The bear market has likely begun the process of finding a trough, but be aware that a major policy misstep could extend the decline. In coming months as market volatility crests, panicky investors will probably lose heart and sell, just when they should be thinking about buying stocks.

For courageous individuals who hold on, the S&P 500’s nearly 25% decline from its January peak boosts the prospects of higher longer-term returns. For example, large-cap domestic stocks are closer to reasonable values than they have been in years, and some global equity sectors are downright cheap.

Market behavior during this troughing process is often difficult to stomach. Not only are stocks already down roughly 25% or more, but the day-to-day volatility will probably rise, and losses may accelerate as the bear market churns to an end. Simultaneously, headlines and pundits will shout about further downside, endless inflation or imminent recession, and the inability of the economy to recover. Such periods are psychologically difficult, but they often bring the best buying opportunities for investors with courage and perspective.

Historically, the troughing process takes place over two or three quarters. During this period, two things happen that help the market find a floor.
  • First, stock fundamentals decline below a “normalized,” or trend level, and companies cut costs to run lean through the tough times. This process creates “operating leverage” in profits so that a resumption of economic growth sets the stage for a cyclical recovery in profits.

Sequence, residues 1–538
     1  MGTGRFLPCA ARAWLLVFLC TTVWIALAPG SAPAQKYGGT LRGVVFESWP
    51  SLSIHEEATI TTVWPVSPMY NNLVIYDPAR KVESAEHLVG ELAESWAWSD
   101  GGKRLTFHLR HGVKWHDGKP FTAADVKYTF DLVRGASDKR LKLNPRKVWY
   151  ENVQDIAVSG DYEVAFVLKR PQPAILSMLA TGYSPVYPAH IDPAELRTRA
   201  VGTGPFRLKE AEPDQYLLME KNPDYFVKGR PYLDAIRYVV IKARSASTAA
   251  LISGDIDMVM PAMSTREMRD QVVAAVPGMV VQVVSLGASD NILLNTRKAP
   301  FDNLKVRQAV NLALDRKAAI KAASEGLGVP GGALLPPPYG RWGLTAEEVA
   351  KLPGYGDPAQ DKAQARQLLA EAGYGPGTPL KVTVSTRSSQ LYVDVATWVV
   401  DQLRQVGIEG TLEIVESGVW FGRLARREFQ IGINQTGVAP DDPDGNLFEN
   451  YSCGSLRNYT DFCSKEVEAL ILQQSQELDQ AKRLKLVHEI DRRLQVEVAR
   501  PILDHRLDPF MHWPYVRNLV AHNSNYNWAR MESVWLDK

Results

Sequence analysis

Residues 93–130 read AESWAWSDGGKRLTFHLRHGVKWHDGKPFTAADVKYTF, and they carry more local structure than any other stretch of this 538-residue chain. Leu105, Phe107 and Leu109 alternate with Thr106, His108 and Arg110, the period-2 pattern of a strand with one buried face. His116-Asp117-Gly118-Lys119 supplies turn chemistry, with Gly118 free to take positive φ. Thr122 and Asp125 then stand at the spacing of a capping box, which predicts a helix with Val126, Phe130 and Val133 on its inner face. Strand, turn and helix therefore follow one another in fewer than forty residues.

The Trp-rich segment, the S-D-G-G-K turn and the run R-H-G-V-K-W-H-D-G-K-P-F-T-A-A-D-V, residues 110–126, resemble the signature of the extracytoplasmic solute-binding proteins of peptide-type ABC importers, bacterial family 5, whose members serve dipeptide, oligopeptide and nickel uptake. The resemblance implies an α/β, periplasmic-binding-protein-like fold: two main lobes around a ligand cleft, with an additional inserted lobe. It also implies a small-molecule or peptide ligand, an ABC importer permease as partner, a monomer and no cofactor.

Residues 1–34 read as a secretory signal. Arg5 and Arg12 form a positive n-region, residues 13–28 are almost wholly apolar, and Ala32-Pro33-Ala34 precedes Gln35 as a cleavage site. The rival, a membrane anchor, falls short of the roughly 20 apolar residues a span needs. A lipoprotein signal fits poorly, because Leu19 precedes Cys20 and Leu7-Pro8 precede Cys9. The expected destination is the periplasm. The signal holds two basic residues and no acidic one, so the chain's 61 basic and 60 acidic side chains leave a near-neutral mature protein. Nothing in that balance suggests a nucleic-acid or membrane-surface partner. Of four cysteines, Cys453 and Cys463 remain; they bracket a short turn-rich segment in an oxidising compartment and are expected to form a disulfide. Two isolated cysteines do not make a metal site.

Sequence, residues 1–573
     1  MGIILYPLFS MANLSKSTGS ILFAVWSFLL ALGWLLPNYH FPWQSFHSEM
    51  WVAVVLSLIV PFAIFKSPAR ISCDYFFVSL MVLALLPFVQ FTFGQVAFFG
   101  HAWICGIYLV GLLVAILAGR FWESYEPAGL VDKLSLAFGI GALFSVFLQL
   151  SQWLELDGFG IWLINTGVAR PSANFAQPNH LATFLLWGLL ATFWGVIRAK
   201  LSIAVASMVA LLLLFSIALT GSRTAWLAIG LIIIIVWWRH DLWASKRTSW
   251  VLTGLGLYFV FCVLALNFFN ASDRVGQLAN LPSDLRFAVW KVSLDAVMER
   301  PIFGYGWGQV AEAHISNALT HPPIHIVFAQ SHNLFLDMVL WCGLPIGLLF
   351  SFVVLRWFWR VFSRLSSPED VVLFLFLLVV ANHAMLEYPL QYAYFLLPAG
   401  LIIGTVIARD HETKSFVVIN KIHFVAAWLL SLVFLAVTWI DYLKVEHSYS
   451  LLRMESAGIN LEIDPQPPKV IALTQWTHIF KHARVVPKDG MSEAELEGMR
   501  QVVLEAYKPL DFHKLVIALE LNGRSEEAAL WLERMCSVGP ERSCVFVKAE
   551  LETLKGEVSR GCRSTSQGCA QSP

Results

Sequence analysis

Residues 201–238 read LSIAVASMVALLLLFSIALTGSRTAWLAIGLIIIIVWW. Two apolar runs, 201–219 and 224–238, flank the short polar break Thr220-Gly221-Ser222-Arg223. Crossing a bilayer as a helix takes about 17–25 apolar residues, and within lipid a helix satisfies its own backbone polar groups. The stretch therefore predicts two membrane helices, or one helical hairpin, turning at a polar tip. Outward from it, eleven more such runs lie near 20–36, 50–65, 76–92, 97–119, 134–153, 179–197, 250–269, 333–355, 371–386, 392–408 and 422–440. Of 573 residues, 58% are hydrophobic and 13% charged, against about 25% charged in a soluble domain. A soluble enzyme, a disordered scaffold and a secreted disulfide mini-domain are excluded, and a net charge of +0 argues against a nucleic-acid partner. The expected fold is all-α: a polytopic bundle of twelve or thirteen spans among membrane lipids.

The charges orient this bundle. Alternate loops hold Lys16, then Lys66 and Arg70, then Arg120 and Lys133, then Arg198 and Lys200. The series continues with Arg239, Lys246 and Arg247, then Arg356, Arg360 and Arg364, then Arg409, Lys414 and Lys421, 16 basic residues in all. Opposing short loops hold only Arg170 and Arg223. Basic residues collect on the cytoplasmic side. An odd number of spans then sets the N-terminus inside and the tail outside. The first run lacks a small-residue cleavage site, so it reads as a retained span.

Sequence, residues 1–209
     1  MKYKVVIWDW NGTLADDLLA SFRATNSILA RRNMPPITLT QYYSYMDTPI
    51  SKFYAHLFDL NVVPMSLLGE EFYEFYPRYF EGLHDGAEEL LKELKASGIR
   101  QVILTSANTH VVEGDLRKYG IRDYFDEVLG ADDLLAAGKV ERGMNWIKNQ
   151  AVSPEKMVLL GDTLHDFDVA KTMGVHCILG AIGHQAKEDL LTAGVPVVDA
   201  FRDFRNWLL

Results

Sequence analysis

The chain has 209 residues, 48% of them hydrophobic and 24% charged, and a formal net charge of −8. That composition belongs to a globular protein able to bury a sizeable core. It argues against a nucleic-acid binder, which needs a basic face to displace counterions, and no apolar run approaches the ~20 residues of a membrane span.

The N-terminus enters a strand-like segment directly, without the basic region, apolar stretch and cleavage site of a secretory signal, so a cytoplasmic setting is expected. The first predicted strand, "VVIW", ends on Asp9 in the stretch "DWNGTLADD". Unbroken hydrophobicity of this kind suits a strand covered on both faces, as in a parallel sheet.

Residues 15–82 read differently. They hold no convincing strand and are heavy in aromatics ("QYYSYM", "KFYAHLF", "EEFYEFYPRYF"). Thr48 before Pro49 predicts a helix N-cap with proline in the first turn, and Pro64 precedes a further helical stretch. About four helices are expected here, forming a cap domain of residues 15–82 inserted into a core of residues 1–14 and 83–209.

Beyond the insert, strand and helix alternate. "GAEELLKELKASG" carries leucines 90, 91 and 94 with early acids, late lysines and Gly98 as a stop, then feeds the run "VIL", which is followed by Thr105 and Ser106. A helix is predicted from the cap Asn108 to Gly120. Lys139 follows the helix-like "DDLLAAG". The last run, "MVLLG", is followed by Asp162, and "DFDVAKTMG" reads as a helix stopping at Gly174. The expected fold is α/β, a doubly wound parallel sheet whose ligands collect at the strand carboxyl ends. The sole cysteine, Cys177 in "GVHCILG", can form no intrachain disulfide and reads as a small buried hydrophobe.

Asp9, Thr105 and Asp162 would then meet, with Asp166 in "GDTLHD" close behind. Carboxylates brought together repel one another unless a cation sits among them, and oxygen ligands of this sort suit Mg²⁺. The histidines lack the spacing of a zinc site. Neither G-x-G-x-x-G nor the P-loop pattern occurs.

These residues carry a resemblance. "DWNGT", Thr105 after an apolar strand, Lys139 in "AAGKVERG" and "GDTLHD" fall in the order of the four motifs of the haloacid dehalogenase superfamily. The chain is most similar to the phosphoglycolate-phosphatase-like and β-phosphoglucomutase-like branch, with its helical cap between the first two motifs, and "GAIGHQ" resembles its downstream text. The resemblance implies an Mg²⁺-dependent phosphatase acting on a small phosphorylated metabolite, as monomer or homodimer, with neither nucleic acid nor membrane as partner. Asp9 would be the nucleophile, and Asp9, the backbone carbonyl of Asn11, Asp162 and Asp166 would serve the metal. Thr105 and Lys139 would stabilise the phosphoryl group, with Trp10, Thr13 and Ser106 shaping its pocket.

• Second, restrictive policy becomes supportive of the profit recovery.
Each bear market is a bit different, and while the focus is currently on monetary policy, investors should recognize that government fiscal policy can be significant in turning the market tide (as it was in 2009 and 2020). Both of these things—a lower earnings reset and a shift in policy—have yet to occur, but the likelihood of these things happening in the next two or three quarters has risen dramatically.

Investors with long-term perspectives should be ready. Opportunities are coming. They should identify sources of dry powder, including cash, that could be applied to equity markets as the troughing process unfolds. Applying dry powder, a de facto portfolio rebalancing, is an important means of enhancing long-term returns.

AMG does not try to time market peaks or troughs. Instead, it evaluates the conditions for improved returns relative to risks, and that analysis indicates that in coming quarters the trough will be found. For now, hold on to that dry powder but talk to your AMG advisor frequently about when to reload.

Need Help Identifying Cash for Future Investment Opportunities?

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AMG’s opinions are subject to change without notice, and this report may not be updated to reflect changes in opinion. Forecasts, estimates, and certain other information contained herein are based on proprietary research and should not be considered investment advice or a recommendation to buy, sell or hold any particular security, strategy, or investment product.

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